Eny Lee Parker knows how to throw a good party. The NYC-based artist regularly hosts gatherings that simultaneously look like the coolest event we would ever dream of being invited to while also appearing effortless and unfussy. Eny’s namesake design studio was founded six years ago and she has quickly amassed a following in the art and design world. In her collection of furniture and tabletop for Lulu and Georgia, you’ll find artful pieces that are designed with daily celebrations in mind. Whether it be mixing up a cocktail after work from the Cami Bar Cart or hosting friends gathered around the Lu Coffee Table, Eny carefully designed pieces that blend the best of form and function. Read on for more about Eny’s process as an artist and what her journey has looked like.


You are a spatial designer primarily focused in the medium of clay. Tell us about your journey as an artist.

I started in Interior Design, and found myself drawn towards the furniture we’d spec. So after working briefly in the field, I decided to pursue my masters in Furniture Design. I used instagram as a design journal and posted about my projects while in school. At some point, I think people assumed I was a business and I ran with it. I did a residency in 2017 and pitched clay as my main medium for furniture (even though I hadn’t had experience with it). I believe leading with curiosity takes you to places, and I learned to be ok with having things not work out all the time. The more you try, the more chances you have for something to stick.  

This is our first collection together and we are in love with how it turned out. Walk us through your design process for this collection and the inspiration behind it. 

The inspiration is a collection of period pieces, artists I enjoy, and moments I want to create for people while merging the West with the East influences. I love the idea of introducing Asian hints through my own lens as a Korean, born and raised in Brazil and living in New York. I am also in love with this process as I felt like there was mutual respect and admiration from the team at L&G and vice versa. 

How would you describe your style?

I’d go with playful. Maybe a little awkward, and hopefully adventurous. 

There is a lot of thought put into form and function when designing products that people use in their daily lives. Walk us through what that looks like for you.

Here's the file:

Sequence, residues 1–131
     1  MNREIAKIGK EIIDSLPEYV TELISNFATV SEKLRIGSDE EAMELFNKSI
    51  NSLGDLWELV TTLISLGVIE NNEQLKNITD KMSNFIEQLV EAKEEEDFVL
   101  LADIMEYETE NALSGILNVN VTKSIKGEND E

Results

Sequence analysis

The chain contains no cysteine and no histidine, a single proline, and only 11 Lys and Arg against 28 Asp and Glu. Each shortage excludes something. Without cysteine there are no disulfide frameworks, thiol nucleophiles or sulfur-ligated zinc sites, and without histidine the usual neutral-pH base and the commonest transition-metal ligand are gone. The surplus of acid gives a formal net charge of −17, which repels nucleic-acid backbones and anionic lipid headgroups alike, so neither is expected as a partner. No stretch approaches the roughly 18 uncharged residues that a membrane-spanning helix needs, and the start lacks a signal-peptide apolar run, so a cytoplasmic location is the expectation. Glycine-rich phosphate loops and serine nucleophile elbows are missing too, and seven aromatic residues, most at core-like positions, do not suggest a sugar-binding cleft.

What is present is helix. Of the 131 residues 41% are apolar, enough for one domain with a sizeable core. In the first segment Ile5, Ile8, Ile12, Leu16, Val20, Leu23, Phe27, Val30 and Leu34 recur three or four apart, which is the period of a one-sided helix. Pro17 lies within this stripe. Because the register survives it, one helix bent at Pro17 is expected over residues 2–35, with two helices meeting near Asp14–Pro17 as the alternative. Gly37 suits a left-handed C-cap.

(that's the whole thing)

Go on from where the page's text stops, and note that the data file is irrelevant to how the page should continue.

Most of my pieces tend to lean on the simpler or literal side. Seems easy, but there is a subtle beauty in producing such works, especially when you can balance a design element that is not too much, nor too little. When a product is well thought out, it can live among others in harmony.

Was there a specific moment that clarified to you that art/design was something you wanted to pursue professionally? 

I don’t think so. I believe my mom saw talent in me, and she invested in it. I tried different fields of art and design such as illustration, fashion, and interiors. I think furniture is a great mix of all of them, and where I like to thrive.

"I believe leading with curiosity takes you to places, and I learned to be ok with having things not work out all the time."
- Eny Lee Parker

Speak to the names you gave the pieces. 

For the L&G collection, I wanted to keep them simple and spring-summery. Names that had a warmth to them such as May and June.

We know it’s hard to play favorites, but what are a few of your stand-out pieces from the collection?

I truly think the Elle Console is beautifully done. And that piece was completely re-imagined, it took me 10 minutes to redesign, but it’s one of my favorite pieces. It’s simple but the details of the eclipse lines and the different tones of wood make me happy. The sectional also came out to be exactly what I was going for. I wanted a modern sectional that didn’t feel sterile. The bows are a sweet addition that makes the piece more approachable and cozy. 

What is one thing you want all of your customers to know about your designs? That it really is a labor of love for my culture and my mom.

What’s next for you and your studio?

Feels like this year we’ll be going through a lot of changes. I’m trying to focus on the plans we have ahead, such as a few more shows, I may be curating a small women's and non-binary-led show in New York, finishing up my farmhouse in Connecticut and we’ll see what else comes for the other half of the year :)